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Phoenix new season announced

August 3, 2009
Today, the Phoenix Theatre announced its lineup of 2009/2010 productions which, true-to-Phoenix form, looks to take adventurous theatergoers into untested and unfamilair territory.

And it's going to be doing it at a cheaper price. The Phoenix is dropping a regular ticket down to $20 and expanding $15 Duke Energy CheapSeats performances to include Sundays as well as Thursdays.

The season opens with the Midwest Premier of Blair Singer's male bonding dramady "The Most Damaging Wound," continues with Donald Margulies' fanciful "Shipwrecked! An Entertainment, The Amazing Adventures of Louis de Rougemont (As told by himself)," where a big part of the pleasure should come from seeing how the Phoenix design team faces the show's many challenges.

The holiday's will bring another edition of "A Very Phoenix Xmas," and the New Year launches two more Midwest premieres, Alan Brody's "The Housewives of Mannheim" and Sharr White's academic family in-fighting drama "Sunlight."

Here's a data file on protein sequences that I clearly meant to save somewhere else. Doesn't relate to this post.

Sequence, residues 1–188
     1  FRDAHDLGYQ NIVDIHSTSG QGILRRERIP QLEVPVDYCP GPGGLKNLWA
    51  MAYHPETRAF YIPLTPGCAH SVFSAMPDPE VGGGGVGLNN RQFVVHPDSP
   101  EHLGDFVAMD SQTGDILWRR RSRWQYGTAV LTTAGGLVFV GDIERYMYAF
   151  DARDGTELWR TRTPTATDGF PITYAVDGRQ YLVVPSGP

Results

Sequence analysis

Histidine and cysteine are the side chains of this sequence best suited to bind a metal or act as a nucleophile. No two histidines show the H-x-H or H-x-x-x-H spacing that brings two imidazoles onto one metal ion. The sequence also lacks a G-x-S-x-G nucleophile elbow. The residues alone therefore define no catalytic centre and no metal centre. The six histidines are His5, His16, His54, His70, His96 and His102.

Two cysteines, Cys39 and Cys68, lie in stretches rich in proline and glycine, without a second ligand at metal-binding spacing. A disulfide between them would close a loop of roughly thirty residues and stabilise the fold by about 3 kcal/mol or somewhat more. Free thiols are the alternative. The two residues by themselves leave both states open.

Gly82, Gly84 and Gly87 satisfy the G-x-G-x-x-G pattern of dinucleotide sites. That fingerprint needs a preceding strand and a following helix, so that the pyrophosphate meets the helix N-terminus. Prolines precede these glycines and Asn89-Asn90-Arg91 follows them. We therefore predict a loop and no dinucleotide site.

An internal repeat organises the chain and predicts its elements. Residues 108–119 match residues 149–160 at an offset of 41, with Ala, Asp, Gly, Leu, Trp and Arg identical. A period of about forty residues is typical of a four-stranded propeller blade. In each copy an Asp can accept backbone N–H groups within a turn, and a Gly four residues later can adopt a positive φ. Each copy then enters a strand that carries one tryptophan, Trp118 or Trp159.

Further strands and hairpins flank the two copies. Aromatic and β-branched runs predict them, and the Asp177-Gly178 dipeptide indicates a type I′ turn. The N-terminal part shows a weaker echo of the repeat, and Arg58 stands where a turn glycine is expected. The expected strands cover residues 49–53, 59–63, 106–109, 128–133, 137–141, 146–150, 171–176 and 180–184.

You may not have heard of playwright Steven Dietz, but with a play being staged at the Indiana Repertory Theatre and another simultaniously at the Phoenix, you will soon. The Phoenix will offer Dietz's "Yankee Tavern" in April, describing it as Alfred Hitchcock meets Oliver Stone.

As classes are winding down at school's in late May, the Phoenix will take us back to high school in Steven Karam's "Speech and Debate," in which a trio of loners take on a school's scandels. It's an intense piece, requiring a trio of talented, age-appropriate, actors. 

The highest profile show of the season is the Neil LaBute's "Reasons to be Pretty," which recently closed on Broadway (and which I reviewed in the IBJ). Start preparing now for the blistering verbal battle that launches the show.

The Phoenix season also includes three specials, which the theater is presenting rather than producing. Look for the return of comedy duo Dos Fallopia, a one-man world premiere from Ricardo Melendez, and Terre Haute by Edmund White and, perhaps of most interest, the drama "Terre Haute," based on prison interviews with death-row inmate Timothy McVeigh.

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